The Bundestag has voted to extend three missions in Mali and Somalia for another year. But special forces deployments in Niger and Cameroon have drawn parliamentarians' ire.
The German Bundestag, or lower house of parliament, voted overwhelmingly to extend three army missions in Africa for another year on Thursday. The army, known as the Bundeswehr, is currently engaged in one UN and one EU mission in Mali and another EU mission in Somalia.
The mandate for all three missions will run until late May of 2020.
Yet the deployment of German special forces units in Niger and Cameroon drew harsh criticism from parliamentarians who accused the government of illegally bypassing lawmakers.
UN peacekeeping mission MINUSMA
The Bundeswehr's UN peacekeeping mission MINUSMA in Mali, which began in 2013, is designed to bolster Mali's government and deny quarter to terrorists.
As terrorist groups are heavily involved in organized crime and human trafficking, the mission is considered a priority for its impact beyond Mali's borders.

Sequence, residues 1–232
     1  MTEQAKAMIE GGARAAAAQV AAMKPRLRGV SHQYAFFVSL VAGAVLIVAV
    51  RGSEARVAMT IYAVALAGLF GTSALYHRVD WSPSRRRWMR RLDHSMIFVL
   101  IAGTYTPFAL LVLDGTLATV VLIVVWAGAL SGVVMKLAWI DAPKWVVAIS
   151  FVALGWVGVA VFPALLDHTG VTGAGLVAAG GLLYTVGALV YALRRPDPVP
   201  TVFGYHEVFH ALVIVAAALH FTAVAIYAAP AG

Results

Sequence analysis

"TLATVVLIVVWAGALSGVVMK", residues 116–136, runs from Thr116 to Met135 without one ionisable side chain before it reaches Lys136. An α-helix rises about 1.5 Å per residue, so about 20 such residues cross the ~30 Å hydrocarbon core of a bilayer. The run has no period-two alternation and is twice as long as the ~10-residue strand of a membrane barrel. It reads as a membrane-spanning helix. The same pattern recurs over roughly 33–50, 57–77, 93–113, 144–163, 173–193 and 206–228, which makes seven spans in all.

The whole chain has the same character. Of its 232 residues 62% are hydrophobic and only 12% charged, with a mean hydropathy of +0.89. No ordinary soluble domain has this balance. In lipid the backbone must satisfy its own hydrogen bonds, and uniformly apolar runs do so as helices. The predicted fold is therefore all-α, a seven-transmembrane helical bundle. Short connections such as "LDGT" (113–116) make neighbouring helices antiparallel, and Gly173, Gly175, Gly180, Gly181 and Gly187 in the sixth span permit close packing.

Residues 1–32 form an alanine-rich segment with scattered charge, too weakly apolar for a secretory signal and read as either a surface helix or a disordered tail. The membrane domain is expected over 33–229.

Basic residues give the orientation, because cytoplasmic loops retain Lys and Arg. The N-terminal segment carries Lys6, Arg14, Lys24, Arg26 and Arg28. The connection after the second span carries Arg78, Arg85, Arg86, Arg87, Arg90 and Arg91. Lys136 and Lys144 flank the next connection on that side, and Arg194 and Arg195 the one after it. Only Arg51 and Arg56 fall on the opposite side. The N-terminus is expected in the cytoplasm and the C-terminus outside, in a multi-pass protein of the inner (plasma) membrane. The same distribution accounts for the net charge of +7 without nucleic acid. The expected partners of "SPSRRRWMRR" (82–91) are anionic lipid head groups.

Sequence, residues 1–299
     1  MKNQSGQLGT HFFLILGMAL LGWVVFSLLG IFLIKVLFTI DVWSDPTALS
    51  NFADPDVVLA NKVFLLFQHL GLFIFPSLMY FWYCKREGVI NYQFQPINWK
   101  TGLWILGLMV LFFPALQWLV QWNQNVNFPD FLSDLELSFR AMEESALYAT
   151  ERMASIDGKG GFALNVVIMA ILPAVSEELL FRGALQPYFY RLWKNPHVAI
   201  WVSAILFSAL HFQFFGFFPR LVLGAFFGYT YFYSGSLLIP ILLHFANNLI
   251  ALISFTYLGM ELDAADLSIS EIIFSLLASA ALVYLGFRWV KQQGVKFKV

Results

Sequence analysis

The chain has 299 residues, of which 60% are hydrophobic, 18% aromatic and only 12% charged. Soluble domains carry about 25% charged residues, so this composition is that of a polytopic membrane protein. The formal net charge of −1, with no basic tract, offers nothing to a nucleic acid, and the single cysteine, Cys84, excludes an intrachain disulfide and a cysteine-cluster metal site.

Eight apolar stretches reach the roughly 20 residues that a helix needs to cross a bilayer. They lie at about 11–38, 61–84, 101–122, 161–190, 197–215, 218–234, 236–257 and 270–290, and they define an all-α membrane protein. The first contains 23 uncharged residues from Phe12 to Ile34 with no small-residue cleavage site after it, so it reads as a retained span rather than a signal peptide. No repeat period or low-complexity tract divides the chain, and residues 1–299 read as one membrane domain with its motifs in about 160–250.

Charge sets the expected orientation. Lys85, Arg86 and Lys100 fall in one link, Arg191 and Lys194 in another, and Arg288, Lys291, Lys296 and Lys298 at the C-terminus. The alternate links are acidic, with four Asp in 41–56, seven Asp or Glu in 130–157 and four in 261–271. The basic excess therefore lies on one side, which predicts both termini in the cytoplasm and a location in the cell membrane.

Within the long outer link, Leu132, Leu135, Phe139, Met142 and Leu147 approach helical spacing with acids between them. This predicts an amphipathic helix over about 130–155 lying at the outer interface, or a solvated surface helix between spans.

Some 50 nations currently deploy about 13,000 soldiers and 1,700 police in the West African county. Around 840 German soldiers actively participate in the mission at the moment, though the mandate allows for up to 1,100.
Mali has been roundly criticized for not doing enough to bring about a political solution to the local conflicts. More than 150 UN troops have been killed since the mission began.
The German government has called the security situation in Mali "fragile," and calculates mission extension costs for MINUSMA at €314 million ($352 million).
European Union advisory and training mission EUTM
The Bundeswehr also participates in the EUTM mission sponsored by the European Union, which is designed as a training mission for Mali's armed forces.
The EUTM mandate does not call for European troops to directly engage in missions carried out by the Malian army.
The Bundeswehr is tasked with advising Mali's Defense Ministry and army leadership, as well as protecting MINUSMA staff.
Some 620 soldiers from 22 EU member states participate in the mission, which also began in 2013. The Bundeswehr mandate allows for up to 350 troops, though that number is currently lower, with 190 German soldiers deployed. Berlin says that a year-long extension of the EUTM mission will cost €41 million.